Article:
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Brie de Meaux France
By Amy Adejokun Amy Adejokun Section editor

Discover Brie de Meaux

The origin of this cheese is unknown, but in 774 it made its first mark on history thanks to Charlemagne who, on tasting it, is believed to have said: ?I have just discovered one of the most delicious delicacies?. Following in the footsteps of Charlemagne, many crowned heads later succumbed to this refined delicacy. In around 999, Robert II the Pious (son of Hugues Capet) enjoyed it very regularly, Blanche of Navarre sent it to Philippe Auguste, Louis XIV introduced it to the Court of France (every week, fifty cars left Meaux to deliver to Versailles, Paris and Saint Germain) and Louis XVI has been said to owe his arrest, when escaping to Varennes, to a mere stop-off in Claye-Souilly to sample some brie.

During the Revolution, this cheese was a culinary symbol of equality, enjoyed by both rich and poor alike. The real crowning moment, though, came in 1815, during the Congress of Vienna, when, having redefined the boundaries inherited from Napoleon I, a cheese tasting event was organised and the brie was voted the "King of Cheeses and the Cheese of Kings".

Nowadays, Brie de Meaux is produced in accordance with the stipulations of the charter regulating Appellations d'origine contrôlée (controlled terms of origin). With a diameter of around 8 inches, this soft cheese has a fuzzy white bloomy rind and is made exclusively from unpasteurised cow's milk. Brie is produced from curdled milk (obtained by applying pressure to unpasteurised milk) which is heated to a temperature lower than 37 degrees, then poured into a mould. It is cast in the traditional way, by hand, using a "pelle à brie", a large skimming ladle. The cheeses are then drained, salted and placed in cellars to ripen for a minimum of four weeks, after which time brie is the perfect accompaniment to Givry or Rouilly Bourgueil wine.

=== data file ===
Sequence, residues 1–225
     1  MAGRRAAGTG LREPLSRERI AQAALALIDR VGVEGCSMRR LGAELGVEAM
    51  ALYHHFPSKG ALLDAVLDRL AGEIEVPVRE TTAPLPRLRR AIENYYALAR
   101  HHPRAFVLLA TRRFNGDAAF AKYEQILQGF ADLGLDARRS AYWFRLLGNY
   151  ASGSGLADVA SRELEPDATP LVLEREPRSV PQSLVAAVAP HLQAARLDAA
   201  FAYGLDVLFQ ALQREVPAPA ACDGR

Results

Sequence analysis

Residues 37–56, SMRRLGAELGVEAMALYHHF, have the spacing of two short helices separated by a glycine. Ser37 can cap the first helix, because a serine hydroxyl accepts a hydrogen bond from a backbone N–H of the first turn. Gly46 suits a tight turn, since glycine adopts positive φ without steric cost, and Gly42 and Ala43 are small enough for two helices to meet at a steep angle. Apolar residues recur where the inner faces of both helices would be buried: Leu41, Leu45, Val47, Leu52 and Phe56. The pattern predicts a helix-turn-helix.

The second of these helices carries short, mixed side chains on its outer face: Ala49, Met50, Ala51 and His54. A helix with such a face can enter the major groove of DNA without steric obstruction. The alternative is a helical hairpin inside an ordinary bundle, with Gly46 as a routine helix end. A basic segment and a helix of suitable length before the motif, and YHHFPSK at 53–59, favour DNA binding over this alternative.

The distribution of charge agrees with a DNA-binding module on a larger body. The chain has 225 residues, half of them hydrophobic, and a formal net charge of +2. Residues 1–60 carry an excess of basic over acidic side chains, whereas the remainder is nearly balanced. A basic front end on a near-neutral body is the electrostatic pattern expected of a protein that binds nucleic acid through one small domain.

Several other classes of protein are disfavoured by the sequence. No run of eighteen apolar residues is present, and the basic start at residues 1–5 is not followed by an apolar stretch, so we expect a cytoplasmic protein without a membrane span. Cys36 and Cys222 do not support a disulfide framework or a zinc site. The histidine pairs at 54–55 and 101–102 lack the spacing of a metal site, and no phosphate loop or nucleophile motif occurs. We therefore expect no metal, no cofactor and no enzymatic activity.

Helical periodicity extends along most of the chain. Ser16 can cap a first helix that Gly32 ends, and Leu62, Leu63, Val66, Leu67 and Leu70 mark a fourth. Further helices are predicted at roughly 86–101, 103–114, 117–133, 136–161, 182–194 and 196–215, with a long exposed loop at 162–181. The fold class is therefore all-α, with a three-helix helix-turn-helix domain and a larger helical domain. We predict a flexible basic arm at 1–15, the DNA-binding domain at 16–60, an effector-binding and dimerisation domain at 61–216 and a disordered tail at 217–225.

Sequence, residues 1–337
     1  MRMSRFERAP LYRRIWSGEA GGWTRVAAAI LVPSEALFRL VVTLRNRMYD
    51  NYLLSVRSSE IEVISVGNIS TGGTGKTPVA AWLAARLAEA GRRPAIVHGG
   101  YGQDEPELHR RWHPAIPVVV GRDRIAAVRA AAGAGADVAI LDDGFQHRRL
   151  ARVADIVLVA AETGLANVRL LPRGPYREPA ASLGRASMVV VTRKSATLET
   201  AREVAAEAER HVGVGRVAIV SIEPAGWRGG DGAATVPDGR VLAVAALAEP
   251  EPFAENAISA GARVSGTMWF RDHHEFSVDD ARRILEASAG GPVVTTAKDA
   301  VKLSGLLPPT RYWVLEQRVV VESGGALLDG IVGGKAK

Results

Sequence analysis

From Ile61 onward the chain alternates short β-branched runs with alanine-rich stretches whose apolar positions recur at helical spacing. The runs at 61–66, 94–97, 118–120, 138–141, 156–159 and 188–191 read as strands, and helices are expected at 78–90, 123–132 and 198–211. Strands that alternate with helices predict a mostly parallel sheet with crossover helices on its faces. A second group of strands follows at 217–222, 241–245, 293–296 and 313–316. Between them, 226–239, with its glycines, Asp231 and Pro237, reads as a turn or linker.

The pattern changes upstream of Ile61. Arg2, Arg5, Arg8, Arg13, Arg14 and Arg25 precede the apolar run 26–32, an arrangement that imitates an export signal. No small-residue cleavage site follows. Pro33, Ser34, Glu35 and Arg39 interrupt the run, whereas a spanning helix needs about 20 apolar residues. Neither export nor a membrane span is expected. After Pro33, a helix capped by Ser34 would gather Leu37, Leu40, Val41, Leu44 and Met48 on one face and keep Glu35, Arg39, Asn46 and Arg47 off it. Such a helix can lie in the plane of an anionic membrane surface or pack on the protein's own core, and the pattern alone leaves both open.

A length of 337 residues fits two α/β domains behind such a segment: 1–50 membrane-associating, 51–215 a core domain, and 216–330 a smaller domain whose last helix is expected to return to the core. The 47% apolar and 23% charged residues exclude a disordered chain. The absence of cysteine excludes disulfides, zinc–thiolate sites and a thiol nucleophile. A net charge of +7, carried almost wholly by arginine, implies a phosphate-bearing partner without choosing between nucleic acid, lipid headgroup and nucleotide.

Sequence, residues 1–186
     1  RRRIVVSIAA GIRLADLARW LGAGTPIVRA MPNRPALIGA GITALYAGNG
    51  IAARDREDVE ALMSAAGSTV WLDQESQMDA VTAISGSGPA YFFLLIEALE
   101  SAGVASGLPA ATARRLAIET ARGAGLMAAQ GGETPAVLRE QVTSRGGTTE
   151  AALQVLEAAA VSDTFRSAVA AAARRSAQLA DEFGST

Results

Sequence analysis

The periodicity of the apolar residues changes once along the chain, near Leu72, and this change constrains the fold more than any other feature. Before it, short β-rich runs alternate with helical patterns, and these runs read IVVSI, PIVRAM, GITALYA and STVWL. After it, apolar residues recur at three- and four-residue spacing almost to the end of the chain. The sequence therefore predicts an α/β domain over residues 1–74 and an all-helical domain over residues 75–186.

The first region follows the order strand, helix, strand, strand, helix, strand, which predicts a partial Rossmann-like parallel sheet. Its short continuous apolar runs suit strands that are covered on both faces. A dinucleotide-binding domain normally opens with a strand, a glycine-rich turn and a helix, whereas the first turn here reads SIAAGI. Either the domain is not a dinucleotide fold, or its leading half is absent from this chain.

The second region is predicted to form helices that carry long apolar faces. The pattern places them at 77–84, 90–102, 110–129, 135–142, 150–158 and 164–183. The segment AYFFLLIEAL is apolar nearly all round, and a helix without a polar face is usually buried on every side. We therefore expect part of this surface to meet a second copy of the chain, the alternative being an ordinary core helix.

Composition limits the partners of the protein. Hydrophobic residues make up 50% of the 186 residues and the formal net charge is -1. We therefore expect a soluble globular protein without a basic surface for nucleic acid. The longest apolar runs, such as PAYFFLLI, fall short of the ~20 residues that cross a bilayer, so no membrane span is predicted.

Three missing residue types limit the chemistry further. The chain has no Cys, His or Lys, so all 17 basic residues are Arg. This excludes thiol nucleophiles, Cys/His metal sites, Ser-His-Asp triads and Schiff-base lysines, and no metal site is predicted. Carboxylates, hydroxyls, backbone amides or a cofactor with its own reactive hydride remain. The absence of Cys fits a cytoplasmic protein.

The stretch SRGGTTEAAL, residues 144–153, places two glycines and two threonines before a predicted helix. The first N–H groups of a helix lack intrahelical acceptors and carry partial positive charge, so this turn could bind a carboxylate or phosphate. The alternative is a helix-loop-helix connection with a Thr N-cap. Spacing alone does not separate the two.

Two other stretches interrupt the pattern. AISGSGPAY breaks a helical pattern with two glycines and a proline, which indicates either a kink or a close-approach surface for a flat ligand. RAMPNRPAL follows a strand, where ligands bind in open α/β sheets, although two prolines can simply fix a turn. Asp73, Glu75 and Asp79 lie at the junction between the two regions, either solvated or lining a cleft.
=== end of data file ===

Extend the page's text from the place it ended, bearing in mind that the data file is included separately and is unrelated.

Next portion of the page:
Brie de Meaux

Brie de Meaux , A plate of cheeses, including Brie , France
A plate of cheeses, including Brie

Nowadays, the area where Brie de Meaux is produced stretches over the whole of the east of the Paris Basin.

© Corbis / age fotostock
Brie de Meaux , Brie and crackers , France
Brie and crackers

Brie de Maux takes its name from the town where it is produced.

© Tongro Image Stock - age fotostock
Brie de Meaux , A cheese platter , France
A cheese platter

Brie de Meaux was given AOC status (controlled designation of origin) on 18th August, 1980.

© ImageSource/ Age Fotostock
Brie de Meaux , A knife and Brie de Meaux, what more?! , France
A knife and Brie de Meaux, what more?!

It takes 25 litres of milk and a lot of know-how to make one single cheese.

© Riou / age fotostock
Brie de Meaux , A slice of Brie on bread , France
A slice of Brie on bread

Brie de Meaux goes well with many different wines, including Burgundy, Côtes du Rhône, Saint Emilion, and Givry.

© Christian Kargl - age fotostock
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